Introduction to HTML5

HTML is the lingua franca of the Web. It is the common tongue of the Web that is understood by all computers and devices on the planet. HTML is the acronym for Hypertext Markup Language. Hypertext refers to the ability to create links to other Web pages. Markup means it’s used for creating pages of formatted text, images, and other resources embedded in the page. HTML was created by Tim Berners-Lee in 1990. He also invented the term “World Wide Web” and the first Web browser, and went on to found the World Wide Web Consortium, also known as the W3C. Among other things, the W3C acts as a shepherd watching over the development of Web technologies. It provides guidelines, standards, recommendations, and education on many aspects of Web-related technology. You can find out more about the W3C at www.w3c.org.

Several major revisions of HTML standard were endorsed by the W3C since its founding in the early 1990s. At the time this was written, HTML5 was the official successor to HTML4 and replaced XHTML. A bonus feature for HTML5 is that it is backward compatible. Features of both HTML4 and XHTML were incorporated into HTML5 in addition to its own set of new elements and features. In a nutshell, HTML5 provides standards-based development technologies for modern Web 2.0 applications with highly visual effects and user interactions. This chapter introduces you to the syntax of HTML5. The sample web pages and HTML codes used throughout the rest of this book are based solely on the HTML5 standard.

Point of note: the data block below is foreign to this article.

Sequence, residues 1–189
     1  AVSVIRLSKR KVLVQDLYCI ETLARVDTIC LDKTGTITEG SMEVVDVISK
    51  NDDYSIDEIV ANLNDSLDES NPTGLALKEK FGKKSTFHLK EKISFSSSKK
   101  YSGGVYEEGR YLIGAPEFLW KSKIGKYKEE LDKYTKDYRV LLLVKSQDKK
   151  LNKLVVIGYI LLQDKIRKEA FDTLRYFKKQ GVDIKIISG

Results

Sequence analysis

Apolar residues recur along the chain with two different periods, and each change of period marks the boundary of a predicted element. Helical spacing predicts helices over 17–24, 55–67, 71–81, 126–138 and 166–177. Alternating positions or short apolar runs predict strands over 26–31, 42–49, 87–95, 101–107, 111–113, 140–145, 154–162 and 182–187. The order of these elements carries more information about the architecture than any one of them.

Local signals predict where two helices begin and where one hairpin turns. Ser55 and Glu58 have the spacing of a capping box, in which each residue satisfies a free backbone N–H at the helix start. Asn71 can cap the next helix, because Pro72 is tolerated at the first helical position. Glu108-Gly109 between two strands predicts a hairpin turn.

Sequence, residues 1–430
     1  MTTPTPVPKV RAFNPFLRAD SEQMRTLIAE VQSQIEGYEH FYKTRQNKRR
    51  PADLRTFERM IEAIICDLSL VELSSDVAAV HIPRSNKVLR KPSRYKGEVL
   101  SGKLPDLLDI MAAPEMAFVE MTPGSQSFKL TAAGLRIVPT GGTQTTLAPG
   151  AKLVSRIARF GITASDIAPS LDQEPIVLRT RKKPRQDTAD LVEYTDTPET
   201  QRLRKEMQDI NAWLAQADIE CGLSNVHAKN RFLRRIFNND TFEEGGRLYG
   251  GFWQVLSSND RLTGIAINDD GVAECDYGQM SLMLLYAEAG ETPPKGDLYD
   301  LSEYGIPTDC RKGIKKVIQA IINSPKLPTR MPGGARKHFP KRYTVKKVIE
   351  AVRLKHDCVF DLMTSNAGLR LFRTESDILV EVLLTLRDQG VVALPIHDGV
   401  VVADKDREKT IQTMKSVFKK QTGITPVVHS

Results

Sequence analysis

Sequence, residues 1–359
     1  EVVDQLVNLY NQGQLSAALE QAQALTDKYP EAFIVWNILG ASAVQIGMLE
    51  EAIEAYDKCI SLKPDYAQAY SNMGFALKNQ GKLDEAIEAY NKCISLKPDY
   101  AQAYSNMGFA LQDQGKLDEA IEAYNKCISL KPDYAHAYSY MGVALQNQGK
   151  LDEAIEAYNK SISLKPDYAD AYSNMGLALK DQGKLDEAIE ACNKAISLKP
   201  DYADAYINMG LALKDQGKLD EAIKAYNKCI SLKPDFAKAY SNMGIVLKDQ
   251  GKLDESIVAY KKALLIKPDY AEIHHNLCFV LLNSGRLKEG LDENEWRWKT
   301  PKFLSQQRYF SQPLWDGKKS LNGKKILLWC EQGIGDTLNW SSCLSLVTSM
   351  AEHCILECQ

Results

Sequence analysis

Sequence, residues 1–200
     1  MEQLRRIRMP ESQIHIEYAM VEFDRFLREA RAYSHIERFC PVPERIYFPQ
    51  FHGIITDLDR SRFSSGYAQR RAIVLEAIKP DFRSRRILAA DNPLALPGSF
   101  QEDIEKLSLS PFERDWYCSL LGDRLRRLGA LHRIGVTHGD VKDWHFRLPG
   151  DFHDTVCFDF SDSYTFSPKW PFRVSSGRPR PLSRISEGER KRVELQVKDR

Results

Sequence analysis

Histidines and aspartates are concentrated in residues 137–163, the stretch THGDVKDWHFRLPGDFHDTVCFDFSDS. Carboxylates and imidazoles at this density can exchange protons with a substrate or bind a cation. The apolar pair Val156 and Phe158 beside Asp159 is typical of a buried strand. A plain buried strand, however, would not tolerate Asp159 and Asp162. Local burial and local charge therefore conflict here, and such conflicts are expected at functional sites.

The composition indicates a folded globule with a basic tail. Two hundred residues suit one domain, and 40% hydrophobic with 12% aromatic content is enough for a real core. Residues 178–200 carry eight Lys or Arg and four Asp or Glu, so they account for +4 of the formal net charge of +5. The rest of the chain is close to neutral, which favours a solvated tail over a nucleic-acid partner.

Read more about the HTML project and see the first and original web site that went online in 1991 here:

http://info.cern.ch – home of the first website

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